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Lose-Lose: How Free Trade Hurts All Involved

Posted by Will Rice (will) on Nov 07 2011 at 12:46 PM
FALL 2011 >>

By Paul Crist

Since so-called free trade agreements cost jobs, threaten consumers and undermine democracy in this country, you might think that at least our partners in those deals would experience some compensating benefits.  But you’d be wrong.  Trade policy as currently pursued by the U.S. performs the difficult feat of harming all involved.  All, that is, except the driving force behind the deals: multinational corporations.

Take Colombia.  Earlier this fall, Congress approved and President Obama signed into law the Colombia Free Trade Agreement (FTA), which will devastate local industries in that country and abolish regulations meant to protect Colombian citizens.  Moreover, the Colombian FTA rewards a right-wing government that countenances the systematic murder of workplace leaders.  

Over 4,000 trade unionists have been murdered in Colombia in the past 20 years, mostly by right-wing paramilitaries with links to the government, making Colombia the most dangerous country in the world to support collective bargaining rights.  Purported successes in curbing this deadly campaign, much ballyhooed with the U.S. Congress in order to pass the deal, have been dismissed as illusory by Colombian labor leaders.

The pact is expected to boost some Colombian sectors (cut flowers, leather goods, seafood, textiles, certain services), but when compared to the losses in other sectors (rice, corn, poultry, communications technology) and the fiscal and other public costs ($635 million in foregone tariff revenue, a deregulated financial sector, abandoned public development programs), it’s clear the Colombian people are net losers.  A predicted 0.5% expansion of the nation’s economy as a result of the FTA—even if proved true—will benefit few average Colombians.  

So why do countries like Colombia sign such deals with the U.S.?  In some ways, they have no choice.  The U.S. is often their largest overseas market (in Colombia’s case, representing 42 percent of its exports); they can’t deny the demands of their biggest customer.  In the case of Colombia, half of its exports to the U.S. come into this country under special preferences, preferences that would have been threatened with cancellation if Colombia had balked in broader trade talks.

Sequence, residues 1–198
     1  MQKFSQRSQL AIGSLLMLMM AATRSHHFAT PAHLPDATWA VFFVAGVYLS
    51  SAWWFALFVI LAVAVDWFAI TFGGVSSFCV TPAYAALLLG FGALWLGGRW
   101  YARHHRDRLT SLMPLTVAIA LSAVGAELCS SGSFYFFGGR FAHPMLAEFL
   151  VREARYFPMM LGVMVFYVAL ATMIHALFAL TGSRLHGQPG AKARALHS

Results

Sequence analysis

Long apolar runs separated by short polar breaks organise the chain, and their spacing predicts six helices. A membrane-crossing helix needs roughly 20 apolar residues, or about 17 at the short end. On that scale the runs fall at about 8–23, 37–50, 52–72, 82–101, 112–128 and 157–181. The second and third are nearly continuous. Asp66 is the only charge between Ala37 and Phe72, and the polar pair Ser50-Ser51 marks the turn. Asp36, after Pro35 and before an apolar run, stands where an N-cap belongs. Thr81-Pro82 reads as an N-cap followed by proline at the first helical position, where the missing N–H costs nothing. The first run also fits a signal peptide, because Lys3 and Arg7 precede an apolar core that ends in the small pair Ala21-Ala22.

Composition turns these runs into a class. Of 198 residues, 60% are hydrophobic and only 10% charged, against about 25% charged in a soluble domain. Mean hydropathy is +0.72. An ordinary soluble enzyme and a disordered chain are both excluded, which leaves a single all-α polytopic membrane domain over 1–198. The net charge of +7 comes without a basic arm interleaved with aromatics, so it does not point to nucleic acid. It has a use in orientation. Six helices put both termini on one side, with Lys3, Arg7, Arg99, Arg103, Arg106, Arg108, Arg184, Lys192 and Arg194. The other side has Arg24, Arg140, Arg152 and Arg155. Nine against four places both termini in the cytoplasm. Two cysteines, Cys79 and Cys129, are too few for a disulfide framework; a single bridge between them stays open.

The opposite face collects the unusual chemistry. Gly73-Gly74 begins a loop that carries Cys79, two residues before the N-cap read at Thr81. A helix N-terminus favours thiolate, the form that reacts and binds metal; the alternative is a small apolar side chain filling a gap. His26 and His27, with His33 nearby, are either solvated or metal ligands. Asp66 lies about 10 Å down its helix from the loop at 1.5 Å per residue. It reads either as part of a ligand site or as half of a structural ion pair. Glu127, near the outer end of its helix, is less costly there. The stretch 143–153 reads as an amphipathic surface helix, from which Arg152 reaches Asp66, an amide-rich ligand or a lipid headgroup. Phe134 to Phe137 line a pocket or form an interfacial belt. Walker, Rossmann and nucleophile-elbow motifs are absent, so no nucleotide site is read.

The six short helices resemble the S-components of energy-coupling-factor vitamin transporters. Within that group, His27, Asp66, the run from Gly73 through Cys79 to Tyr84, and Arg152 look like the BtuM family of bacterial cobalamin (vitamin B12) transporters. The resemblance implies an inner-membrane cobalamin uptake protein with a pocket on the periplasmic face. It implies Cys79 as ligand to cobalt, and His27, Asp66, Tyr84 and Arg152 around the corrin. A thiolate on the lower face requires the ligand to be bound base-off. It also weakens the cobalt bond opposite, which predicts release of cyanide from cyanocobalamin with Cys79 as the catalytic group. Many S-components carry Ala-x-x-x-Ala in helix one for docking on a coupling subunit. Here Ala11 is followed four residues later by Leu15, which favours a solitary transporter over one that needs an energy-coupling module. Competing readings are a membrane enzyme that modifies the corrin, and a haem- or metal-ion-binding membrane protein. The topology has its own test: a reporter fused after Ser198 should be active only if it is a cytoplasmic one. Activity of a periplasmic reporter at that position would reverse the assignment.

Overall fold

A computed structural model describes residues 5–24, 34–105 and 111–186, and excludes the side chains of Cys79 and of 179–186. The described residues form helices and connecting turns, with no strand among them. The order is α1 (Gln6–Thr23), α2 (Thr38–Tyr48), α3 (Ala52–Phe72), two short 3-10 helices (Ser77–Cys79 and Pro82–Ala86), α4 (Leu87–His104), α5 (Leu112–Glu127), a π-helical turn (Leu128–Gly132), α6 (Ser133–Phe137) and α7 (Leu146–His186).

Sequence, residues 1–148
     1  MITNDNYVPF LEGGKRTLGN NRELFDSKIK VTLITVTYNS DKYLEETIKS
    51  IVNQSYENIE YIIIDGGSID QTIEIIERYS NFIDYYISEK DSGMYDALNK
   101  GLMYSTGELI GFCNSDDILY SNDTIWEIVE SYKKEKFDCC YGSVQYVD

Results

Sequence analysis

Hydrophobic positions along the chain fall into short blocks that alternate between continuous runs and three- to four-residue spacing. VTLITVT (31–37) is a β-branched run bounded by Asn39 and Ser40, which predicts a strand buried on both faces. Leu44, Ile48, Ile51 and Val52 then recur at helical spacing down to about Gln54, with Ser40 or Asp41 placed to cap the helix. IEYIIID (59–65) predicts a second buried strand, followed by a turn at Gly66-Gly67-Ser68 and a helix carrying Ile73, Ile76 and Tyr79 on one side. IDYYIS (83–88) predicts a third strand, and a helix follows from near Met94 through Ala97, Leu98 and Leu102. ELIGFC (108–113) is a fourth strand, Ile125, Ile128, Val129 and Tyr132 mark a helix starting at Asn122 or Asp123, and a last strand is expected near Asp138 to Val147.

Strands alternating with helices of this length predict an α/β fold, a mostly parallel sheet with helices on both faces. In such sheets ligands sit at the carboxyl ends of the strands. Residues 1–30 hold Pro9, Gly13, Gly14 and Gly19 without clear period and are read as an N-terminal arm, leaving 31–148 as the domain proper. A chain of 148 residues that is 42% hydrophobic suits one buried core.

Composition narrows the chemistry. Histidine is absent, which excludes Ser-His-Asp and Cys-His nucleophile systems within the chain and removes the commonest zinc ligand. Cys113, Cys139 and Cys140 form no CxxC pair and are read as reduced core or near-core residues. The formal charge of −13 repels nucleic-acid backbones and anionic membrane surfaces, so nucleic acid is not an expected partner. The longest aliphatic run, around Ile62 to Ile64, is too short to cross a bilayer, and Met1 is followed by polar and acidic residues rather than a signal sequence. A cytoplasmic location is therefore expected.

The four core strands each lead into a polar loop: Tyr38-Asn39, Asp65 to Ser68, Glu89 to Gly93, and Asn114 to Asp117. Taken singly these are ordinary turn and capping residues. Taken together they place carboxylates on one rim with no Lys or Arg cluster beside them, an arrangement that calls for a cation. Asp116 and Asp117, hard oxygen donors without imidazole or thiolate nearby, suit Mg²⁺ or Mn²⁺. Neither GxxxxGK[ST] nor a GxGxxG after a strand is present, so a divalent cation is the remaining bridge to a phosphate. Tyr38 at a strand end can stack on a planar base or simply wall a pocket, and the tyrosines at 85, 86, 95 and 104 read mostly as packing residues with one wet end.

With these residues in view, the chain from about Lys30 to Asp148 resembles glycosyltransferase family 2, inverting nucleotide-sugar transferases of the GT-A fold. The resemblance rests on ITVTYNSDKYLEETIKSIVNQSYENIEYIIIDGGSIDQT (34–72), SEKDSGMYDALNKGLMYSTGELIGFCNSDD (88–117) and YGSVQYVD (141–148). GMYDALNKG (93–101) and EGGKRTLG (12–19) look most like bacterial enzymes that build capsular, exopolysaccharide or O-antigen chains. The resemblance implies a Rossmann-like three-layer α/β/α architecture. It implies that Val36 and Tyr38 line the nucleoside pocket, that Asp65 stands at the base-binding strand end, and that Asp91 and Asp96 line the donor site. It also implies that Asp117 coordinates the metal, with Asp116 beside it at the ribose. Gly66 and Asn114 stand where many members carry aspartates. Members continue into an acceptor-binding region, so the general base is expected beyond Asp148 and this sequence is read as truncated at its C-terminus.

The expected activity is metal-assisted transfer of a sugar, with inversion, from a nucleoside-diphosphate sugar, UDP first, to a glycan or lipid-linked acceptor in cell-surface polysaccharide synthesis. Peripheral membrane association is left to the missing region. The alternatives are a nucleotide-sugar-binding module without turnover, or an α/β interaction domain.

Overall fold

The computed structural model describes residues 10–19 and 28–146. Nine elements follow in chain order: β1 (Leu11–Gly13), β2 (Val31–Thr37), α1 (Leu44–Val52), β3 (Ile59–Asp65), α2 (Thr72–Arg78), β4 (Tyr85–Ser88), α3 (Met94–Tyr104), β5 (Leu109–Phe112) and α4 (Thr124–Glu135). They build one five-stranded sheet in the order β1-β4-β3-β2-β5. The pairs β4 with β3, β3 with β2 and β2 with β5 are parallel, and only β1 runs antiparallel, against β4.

The rigid ideology of Colombia’s leaders also explains some of the willingness to sign up for trade deals that damage their own country.  As in many South American countries, Colombia’s political elite are the product of the economics departments of U.S. universities, which have inculcated in them an unquestioning belief in the virtues of free trade.  

But the main reason Colombia participates in destructive “free trade” is the same reason the United States does:  multinational corporations, while offering allegiance to no nation, wield disproportional influence over every national government.  These multinationals entities are the only ones who are actually freed by free trade: free to chase low wages by continually shifting production to ever more desperate communities; free to destroy indigenous crafts and industries with cookie-cutter globalization; and free to void any national laws that interfere with their ability to make a profit. Until the political structure of nations the world over is altered to reduce the influence of money on governing, more lose-lose trade deals are sure to be struck.

Paul Crist is an ADA Board member and economist.